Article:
Rise of the Machines – Technology and “patient-driven” innovation in the treatment of diabetes #T1DRoM

Rise of the Machines – Technology and “patient-driven” innovation in the treatment #T1DRoM
Rise of the Machines – Technology and “patient-driven” innovation in the treatment #T1DRoM

On Saturday, if you didn’t know already, we ran a first for the UK. A day’s conference focusing on Diabetes Technology, and majoring on “Patient Innovation”, or rather, “Innovation by those affected by T1D”. The Twitter word-cloud generated is shown below.

This was a day that brought together the medical technology manufacturers, JDRF and Diabetes UK, and of course those of us in the We Are Not Waiting community that have been building and using our own pancreas systems. It stemmed from a visit that Partha Kar made to a US conference and was enabled by TechUK who provided us the conference space without charge.

On the day, around 140 people turned up, all waiting to hear the latest and find out more. The mix of those present was split roughly 17% NHS members, 11% Not-for-Profits, 13% Medtech and 59% individuals, although a poll of hands on the day suggested that many of those present were also affected by Diabetes, so this is perhaps not representative.

In addition, throughout the day, there were between 20 and 50 watchers of the online stream, with people watching from around the globe.

Since then, we’ve hit more than 500 watchers of the WeAreNotWaiting video, at time of writing.

The day was broken into three sessions:

  • Mountains into Molehills: How diabetes devices are revolutionising glucose control
  • Challenges in tech research and what charities are doing to overcome them
  • Left to your own devices: How patients got impatient, followed by a panel

Rather than go into too much detail about each of these sessions, I’ve provided links below to the videos that we took of each of the sessions. Apologies about the sound quality – there is an unfortunate intermittent buzzing on the first. As we edit them to make improvements, these will be updated.

Mountains into Molehills: How diabetes devices are revolutionising glucose control

The first session saw Medtronic, Abbott, Dexcom and Roche present and talk about their products and what they are doing, and then face the audience who presented some challenging questions.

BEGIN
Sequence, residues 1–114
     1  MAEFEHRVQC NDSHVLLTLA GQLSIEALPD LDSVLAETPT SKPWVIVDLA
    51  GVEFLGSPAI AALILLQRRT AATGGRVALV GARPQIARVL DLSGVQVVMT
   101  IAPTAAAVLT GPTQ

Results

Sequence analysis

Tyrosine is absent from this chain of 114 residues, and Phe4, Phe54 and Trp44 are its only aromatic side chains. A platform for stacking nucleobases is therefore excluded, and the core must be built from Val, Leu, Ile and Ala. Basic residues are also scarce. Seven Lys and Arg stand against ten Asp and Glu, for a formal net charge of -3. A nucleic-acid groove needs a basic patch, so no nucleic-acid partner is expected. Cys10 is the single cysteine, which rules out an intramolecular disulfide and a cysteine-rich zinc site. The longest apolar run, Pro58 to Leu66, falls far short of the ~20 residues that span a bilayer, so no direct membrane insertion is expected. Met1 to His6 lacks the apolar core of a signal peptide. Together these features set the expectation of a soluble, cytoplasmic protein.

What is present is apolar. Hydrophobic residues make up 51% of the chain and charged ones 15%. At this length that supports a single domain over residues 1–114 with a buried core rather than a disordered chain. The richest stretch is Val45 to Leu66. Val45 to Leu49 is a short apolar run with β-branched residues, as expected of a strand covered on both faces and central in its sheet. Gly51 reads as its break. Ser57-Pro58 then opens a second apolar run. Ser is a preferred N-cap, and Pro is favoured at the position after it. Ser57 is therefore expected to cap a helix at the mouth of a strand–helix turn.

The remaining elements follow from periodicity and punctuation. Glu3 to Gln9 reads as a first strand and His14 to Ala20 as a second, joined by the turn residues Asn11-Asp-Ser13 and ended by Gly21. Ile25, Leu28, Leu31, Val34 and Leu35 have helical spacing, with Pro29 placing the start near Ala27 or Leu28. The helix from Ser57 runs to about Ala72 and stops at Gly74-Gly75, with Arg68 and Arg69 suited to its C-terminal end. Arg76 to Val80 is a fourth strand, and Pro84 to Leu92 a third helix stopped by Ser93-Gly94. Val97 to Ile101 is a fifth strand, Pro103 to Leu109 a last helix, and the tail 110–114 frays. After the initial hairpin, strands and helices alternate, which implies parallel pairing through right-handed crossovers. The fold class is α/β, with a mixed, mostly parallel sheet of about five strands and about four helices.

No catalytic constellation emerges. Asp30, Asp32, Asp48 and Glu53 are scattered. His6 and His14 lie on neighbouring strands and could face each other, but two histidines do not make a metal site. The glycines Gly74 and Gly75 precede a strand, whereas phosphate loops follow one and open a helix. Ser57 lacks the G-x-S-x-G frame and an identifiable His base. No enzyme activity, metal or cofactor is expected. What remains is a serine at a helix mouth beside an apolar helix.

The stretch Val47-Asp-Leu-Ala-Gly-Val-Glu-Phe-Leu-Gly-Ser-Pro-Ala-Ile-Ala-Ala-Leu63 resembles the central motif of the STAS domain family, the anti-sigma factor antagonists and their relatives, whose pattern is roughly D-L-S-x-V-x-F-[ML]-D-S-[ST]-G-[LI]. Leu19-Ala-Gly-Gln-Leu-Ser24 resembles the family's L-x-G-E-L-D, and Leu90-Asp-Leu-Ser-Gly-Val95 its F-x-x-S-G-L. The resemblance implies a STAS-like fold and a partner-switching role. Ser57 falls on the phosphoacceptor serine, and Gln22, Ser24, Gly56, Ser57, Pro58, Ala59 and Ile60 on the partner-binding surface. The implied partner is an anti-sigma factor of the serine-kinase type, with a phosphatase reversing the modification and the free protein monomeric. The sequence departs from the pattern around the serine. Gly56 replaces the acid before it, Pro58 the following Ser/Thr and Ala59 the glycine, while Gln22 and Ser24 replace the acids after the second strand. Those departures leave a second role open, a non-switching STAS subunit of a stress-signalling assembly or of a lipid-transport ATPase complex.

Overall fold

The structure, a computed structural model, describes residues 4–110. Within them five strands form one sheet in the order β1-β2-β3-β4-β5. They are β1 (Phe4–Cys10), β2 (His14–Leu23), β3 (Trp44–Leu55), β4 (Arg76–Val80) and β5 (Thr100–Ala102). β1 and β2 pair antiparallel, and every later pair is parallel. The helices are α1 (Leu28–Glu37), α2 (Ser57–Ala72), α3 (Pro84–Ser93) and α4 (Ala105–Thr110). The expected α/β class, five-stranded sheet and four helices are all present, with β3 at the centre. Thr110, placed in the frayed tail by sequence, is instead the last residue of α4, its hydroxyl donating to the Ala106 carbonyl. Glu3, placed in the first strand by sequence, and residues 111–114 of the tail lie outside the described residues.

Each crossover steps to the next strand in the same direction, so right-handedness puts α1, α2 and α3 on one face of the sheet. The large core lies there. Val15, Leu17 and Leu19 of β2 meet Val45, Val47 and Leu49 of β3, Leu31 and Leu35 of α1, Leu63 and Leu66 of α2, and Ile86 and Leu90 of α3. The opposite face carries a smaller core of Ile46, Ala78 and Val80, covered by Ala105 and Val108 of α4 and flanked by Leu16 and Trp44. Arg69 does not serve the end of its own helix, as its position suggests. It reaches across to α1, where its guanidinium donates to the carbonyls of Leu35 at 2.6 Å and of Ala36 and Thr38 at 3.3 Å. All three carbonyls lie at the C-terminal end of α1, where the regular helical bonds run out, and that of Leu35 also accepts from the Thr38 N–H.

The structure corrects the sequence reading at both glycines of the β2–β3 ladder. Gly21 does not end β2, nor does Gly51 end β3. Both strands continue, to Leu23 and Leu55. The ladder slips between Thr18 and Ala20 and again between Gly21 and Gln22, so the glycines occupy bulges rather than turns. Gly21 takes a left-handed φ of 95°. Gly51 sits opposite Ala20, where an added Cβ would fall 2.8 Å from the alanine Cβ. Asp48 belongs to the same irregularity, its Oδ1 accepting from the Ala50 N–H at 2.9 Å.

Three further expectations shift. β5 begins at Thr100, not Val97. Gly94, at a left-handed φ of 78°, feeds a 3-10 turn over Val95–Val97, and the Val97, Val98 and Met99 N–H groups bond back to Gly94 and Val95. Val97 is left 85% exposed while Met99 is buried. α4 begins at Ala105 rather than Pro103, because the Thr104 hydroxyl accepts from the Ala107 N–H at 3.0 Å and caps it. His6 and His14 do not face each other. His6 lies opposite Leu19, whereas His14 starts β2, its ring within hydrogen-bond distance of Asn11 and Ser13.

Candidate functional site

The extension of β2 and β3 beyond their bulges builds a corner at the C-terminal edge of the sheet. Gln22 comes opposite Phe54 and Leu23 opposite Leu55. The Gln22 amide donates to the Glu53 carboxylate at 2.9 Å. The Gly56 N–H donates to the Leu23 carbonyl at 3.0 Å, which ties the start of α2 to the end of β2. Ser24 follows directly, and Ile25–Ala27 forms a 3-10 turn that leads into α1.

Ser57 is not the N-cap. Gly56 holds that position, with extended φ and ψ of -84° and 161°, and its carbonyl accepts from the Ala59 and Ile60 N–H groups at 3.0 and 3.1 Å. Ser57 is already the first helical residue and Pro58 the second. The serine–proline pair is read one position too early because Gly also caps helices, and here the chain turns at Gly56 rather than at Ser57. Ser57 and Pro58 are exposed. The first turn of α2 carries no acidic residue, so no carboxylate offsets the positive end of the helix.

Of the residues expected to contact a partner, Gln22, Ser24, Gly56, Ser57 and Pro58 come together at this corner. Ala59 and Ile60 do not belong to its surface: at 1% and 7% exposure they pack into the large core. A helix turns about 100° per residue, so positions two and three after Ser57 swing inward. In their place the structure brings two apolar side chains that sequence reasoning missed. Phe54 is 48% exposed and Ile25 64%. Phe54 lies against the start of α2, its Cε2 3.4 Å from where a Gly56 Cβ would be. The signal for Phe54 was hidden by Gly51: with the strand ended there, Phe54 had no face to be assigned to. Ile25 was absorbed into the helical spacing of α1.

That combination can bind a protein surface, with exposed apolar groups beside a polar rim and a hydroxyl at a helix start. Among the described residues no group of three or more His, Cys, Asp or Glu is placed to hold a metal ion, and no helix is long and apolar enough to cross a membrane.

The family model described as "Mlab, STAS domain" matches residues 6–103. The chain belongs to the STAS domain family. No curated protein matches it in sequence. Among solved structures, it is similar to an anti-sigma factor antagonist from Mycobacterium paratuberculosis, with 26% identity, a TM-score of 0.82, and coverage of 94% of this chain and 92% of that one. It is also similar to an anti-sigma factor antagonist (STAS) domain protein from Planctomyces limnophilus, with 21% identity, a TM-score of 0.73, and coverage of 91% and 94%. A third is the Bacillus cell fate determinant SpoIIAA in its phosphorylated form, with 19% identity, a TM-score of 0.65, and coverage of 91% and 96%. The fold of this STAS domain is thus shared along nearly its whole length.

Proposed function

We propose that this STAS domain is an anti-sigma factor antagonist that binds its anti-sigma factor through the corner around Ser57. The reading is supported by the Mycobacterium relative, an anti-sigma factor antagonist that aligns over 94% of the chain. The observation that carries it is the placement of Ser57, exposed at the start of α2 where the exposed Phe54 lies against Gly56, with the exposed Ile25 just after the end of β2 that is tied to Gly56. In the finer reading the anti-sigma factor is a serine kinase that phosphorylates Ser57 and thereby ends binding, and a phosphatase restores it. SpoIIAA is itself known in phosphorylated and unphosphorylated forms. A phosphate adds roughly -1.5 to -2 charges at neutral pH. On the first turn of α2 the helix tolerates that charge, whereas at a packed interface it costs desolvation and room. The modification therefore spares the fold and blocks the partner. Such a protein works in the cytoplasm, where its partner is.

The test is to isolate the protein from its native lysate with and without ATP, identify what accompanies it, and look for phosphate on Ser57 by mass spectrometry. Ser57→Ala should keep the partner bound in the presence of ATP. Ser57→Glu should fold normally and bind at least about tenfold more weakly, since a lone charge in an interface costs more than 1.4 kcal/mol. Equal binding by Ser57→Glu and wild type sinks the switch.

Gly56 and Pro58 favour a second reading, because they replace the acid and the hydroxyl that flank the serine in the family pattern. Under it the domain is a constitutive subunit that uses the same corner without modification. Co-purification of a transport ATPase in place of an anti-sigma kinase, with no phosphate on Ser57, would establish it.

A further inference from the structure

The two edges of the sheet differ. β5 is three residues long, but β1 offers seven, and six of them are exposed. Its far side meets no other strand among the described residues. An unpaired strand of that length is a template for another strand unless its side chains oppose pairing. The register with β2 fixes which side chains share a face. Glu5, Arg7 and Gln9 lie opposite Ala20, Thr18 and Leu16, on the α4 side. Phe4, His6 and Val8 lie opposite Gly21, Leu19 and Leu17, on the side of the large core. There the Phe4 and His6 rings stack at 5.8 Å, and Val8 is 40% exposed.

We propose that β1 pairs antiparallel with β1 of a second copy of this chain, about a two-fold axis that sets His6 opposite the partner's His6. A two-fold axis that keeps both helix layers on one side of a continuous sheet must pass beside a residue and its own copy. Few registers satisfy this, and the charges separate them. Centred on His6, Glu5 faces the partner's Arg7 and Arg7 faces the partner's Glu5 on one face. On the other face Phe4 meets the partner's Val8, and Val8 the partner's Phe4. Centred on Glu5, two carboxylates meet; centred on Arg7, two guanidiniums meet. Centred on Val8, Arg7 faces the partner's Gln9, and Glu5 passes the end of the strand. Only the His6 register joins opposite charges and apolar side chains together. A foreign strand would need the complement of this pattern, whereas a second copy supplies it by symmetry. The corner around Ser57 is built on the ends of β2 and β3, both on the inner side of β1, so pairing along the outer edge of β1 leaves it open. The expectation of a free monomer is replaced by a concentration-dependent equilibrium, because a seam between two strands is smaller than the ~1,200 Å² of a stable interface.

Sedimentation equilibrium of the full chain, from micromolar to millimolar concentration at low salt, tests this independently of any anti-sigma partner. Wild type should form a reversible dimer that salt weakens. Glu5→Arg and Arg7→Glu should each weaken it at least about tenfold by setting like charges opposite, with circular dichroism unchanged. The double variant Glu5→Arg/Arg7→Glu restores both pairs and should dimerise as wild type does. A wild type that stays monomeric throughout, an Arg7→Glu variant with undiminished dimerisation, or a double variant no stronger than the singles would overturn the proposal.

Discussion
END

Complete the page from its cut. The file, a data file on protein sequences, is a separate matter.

Possibly the highlight of this session was the Roche spokesperson restating Roche’s commitment to the Open Protocols initiative from the JDRF.

Whilst the speakers obviously can’t go into anything that’s still confidential, it was good, and probably brave, to have this group represented at an event that was focused on what patients were doing with their technology and how it is being remoulded to better fit what those with and looking after the condition want and need. The other contentious point that was raised was about patient safety. Sometimes “patient safety” is used as a context for not doing things. Most often it’s related to regulatory pressures. Either way, it’s quite a good way to annoy a fair few audience members.

There were some very tricky questions about “user-centricity” that made it very clear that those in the room felt that this wasn’t really at the heart of a lot of the design, and of course, the elephant that continues to remain, cost.

Challenges in tech research and what charities are doing to overcome them

The JDRF and Diabetes UK directors of Research in the UK both sat on a panel, along with leading academics looking at artificial pancreas technology and its use. One thing I learned that I hadn’t realised was that Diabetes UK funds artificial pancreas tech alongside the JDRF.